Q1.  The presidential election occurs on March 8.  The DPP is represented by the team of Hsieh and Su, while the KMT is represented by Ma and Siew.  If the voting were tomorrow, which team are you more likely to vote for?
31%: Hsieh-Su
50%: Ma-Siew
19%: Undecided

Q2.  Did you watch today's televised debate between the presidential candidate?
35%: Yes
65%: No

Q3. Which person performed better during the televised debate this afternoon? (Base: Those who watched the televised debate)
28%: Frank Hsieh
42%: Ma Ying-jeou
30%: No opinion

Q4.  During the televised debate this afternoon, whose policies do you believe meets your needs better? (Base: Those who watched the televised debate)
28%: Frank Hsieh
44%: Ma Ying-jeou
28%: No opinion

(UDN) (937 adults interviewed by telephone on March 9)

Q1.  Did you watch the televised debate between Frank Hsieh and Ma Ying-jeou this afternoon?
40%: Yes
60%: No

Q2.  Who do you think performed better? (Base: Those who watched the televised debate)
46%: Ma Ying-jeou
28%: Frank Hsieh
10%: Tie
16%: No opinion

Q3.  Which team do you support in the presidential election?
52%: Ma-Siew
22%: Hsieh-Su
26%: Undecided

(China Times)  (1,119 adults interviewed by telephone on March 9, 2008)

Q1.  Did you watch the televised debate between Frank Hsieh and Ma Ying-jeou this afternoon?
34%: Yes
66%: No

Q2. Who do you think performed better? (Base: Those who watched the televised debate)
43%: Ma Ying-jeou
27%: Frank Hsieh

Q3.  Which team do you su pport in the presidential election?
49%: Ma-Siew
22%: Hsieh-Su
29%: Undecided

Q4. Did watching this televised debate changed your mind about who you support? (Base: Those who watched the televised debate)
  4%: Yes
86%: No

(Apple Daily)  (1,052 persons interviewed by telephone on March 5-7)  Apple Daily commissioned the National Sun Yat-sen University School of Social Science Public Opinion Research Centre to conduct a poll on March 5-7.  On the direct question of likelihood to vote, 41.3% stated that they will vote for Ma Ying-jeou, 19.8% stated that they will vote for Frank Hsieh and 38.9% are undecided.  The respondents were then asked about six issues: ability to govern, re-vitalization of the economy, degree of non-corruption, level of direct support, the Cross-Strait Common Market and the referenda.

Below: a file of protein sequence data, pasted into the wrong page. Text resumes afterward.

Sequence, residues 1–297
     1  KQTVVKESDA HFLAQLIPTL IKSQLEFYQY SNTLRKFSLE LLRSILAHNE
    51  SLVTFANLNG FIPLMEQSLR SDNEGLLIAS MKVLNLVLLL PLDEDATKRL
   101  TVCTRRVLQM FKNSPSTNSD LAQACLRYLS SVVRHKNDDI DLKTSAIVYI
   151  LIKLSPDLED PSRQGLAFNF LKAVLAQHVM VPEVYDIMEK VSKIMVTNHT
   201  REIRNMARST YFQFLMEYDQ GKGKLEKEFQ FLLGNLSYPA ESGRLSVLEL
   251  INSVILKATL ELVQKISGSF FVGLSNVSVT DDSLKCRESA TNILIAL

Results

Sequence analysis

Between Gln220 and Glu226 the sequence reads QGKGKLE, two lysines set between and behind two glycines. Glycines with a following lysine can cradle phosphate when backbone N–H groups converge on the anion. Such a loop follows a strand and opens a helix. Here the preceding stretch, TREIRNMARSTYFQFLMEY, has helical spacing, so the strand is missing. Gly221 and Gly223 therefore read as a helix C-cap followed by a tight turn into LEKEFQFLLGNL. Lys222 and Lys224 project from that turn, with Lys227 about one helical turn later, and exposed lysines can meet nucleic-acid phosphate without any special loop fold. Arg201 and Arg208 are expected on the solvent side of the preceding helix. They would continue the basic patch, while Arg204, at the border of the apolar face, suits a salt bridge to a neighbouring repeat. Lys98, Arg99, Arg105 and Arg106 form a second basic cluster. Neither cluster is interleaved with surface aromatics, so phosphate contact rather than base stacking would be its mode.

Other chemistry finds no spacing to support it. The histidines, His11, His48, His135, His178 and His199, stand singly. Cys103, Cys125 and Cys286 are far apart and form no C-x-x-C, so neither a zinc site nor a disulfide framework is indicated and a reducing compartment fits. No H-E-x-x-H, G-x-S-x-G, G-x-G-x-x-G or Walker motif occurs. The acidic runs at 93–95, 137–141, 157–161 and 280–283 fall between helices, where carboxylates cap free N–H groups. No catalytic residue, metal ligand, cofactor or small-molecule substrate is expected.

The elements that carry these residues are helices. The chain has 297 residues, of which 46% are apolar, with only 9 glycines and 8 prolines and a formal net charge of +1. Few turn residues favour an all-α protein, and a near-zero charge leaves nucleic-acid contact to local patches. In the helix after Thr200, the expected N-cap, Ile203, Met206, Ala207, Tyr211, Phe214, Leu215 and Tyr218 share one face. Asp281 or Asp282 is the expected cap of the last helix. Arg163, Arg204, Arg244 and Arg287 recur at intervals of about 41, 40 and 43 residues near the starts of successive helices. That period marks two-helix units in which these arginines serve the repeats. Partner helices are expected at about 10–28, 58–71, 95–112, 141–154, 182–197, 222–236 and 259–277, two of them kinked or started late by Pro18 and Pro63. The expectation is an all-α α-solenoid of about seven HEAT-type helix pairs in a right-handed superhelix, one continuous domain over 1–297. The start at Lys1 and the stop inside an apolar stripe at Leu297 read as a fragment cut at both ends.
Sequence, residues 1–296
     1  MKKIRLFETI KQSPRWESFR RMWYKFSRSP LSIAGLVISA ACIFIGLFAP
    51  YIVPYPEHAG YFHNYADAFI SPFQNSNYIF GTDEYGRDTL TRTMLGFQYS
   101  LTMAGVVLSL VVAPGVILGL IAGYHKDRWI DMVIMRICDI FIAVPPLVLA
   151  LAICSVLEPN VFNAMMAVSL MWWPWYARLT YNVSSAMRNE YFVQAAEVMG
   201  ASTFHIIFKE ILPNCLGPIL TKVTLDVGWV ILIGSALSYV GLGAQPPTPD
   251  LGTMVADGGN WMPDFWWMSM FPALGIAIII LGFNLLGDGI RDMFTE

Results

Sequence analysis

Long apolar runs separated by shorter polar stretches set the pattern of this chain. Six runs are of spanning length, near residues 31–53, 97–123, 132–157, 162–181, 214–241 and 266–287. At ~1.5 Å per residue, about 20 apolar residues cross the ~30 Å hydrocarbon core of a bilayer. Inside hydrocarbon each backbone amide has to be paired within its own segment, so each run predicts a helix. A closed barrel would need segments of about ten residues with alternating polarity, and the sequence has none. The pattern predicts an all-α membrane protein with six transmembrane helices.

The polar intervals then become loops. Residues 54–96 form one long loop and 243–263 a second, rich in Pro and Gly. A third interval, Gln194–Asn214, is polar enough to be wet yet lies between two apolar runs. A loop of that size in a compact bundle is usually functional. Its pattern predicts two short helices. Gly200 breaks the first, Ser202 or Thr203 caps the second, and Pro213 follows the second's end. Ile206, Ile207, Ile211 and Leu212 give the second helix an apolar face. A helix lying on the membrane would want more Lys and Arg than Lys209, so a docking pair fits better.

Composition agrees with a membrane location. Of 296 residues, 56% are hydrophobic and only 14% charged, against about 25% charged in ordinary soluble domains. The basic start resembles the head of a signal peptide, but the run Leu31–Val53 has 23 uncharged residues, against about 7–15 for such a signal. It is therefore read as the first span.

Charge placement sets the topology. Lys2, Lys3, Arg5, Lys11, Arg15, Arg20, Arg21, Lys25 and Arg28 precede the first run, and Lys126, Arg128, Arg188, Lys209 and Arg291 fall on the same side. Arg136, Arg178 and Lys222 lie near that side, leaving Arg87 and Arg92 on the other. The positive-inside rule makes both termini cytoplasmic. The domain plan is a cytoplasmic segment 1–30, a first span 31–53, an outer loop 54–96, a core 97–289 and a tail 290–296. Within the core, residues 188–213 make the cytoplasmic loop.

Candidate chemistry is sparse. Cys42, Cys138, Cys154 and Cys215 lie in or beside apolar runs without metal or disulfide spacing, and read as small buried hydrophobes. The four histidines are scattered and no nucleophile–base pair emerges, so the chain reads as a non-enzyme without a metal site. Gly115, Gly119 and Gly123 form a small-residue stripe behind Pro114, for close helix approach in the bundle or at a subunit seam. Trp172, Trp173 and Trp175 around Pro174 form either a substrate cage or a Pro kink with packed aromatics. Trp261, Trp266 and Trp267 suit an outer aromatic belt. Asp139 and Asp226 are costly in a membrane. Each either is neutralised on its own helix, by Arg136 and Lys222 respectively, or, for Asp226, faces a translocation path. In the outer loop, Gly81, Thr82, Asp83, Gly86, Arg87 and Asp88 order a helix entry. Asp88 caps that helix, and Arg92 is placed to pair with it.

On re-vitalizing the economy, 48% chose Ma Ying-jeou and 17% chose Frank Hsieh.  On non-corruption, 43% chose Ma Ying-jeou and 16% chose Frank Hsieh.  On governance, 39% chose Ma Ying-jeou and 20% chose Frank Hsieh.  On the UN referenda, 47% said that they will refuse to accept the ballot to vote for either, 23% said that will vote for both, 9% said that they will vote for the DPP-sponsored referendum to join the UN and 2% said that they will vote for the KMT-sponsored referendum to rejoin the UN.

Using these six variables as explanatory predictors, it is estimated that 56.4% will vote for Ma Ying-jeou, 29.9% will vote for Frank Hsieh and another 13.7% cannot be predicted clearly.  

Using Elizabeth Noelle-Neumann's theory the Spiral of Silence, the unpredicable people were believed to be mostly Frank Hsieh supporters.  The final estimate is then 56.4% for Ma Ying-jeou and 43.6% for Frank Hsieh.
As for the likely winner of the election regardless of one's personal preference, 54.1% favored Ma Ying-jeou and 10.2% favored Frank Hsieh.

(UDN)  During and after televised debate, some television stations opened their phone lines to allow their viewers to 'vote.'  The vote costs the caller NT$2 for 30 seconds.  The viewers of a television station reflect the political leanings of that station, and they constitute a self-selected sample that is not representative of the general population.  The counts are:
SETV: 52,816 votes for Frank Hsieh; 20,068 votes for Ma Ying-jeou
CTS-TV: 23,290 votes for Ma Ying-jeou; 3,729 votes for Frank Hsieh
ETV-TV: 24,091 votes for Ma Ying-jeou; 3,747 votes for Frank Hsieh.
Given these disparate ratios, the political leanings of the respective television stations should be evident.

As the countdown to the Taiwan presidential election continues, one can read the public opinion polls as well as the politcal futures market.